Imagine this Nicodemus, this Pharisee, a guy from a group of people who so often get a bad rap in our churches. Imagine this one who knows the Torah and who so steadfastly tries to follow it. Imagine his surprise and his confusion and his dismay when he realizes that this teacher sent by God is proclaiming a different sort of birth into God's reign…a birth through water and the Spirit…and even more, that Jesus is proclaiming a different sort of love active in God's reign…a love not dependent on human action…a love free from condemnation…a love reaching the entire world and all its people through this embodied God, Jesus. Imagine this Pharisee's heartbreak as his Jewish brother and teacher displaces Nicodemus' religious values. I thought I knew what you wanted me to do, God! I thought I knew what to believe! I was wrong?
As teachers and leaders and faithful followers, we too may be questioning Jesus' proclamation of love and the birth from above, Holy Baptism. We may be questioning Jesus' ambiguity. He does not stand for a particular moral imperative, much to our discomfort. If you are like me, you want Jesus to give us a law to follow, a code of ethics that makes our lives clear cut and simple. If you are like me, you desire a system of righteousness, and you want to identify who is in and who is out.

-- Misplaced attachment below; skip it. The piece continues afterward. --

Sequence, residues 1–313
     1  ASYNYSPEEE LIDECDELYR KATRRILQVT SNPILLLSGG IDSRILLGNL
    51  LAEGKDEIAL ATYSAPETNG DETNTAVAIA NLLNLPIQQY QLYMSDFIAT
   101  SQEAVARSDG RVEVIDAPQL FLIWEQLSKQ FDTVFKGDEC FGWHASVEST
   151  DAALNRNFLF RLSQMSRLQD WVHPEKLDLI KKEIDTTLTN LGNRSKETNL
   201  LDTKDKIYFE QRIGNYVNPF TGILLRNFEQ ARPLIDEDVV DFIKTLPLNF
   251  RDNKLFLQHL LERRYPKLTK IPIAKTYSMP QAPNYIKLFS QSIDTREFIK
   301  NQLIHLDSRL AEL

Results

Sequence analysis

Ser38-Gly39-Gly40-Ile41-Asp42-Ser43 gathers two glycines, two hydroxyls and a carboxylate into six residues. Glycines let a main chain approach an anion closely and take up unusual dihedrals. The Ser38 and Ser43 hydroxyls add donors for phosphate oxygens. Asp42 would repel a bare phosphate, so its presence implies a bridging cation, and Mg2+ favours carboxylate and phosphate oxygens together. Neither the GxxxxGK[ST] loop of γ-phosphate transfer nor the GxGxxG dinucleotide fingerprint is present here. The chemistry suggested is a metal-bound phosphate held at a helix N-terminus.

Observe what both sides of the political/theological spectrum are doing these days. In the ELCA, the Word Alone movement has separated some of our members from the larger church on the basis of the church's discussion around sexuality and, more specifically, the ordination of lesbian and gay persons in committed relationships in the life of this church body. I imagine the people who take part in this movement feel a gospel imperative to not authorize what they feel is sinful. As well, for as long as I have been studying queer theology in a Lutheran context, I have heard from some among us the desire for a Lutheran church body that would be separate from the ELCA consisting of queer folks and allies. Instead of struggling faithfully for transformation within our current body, such a community would continue to build walls between people of faith—even though this desire probably springs from a yearning from LGBTQ folks to hear the good news.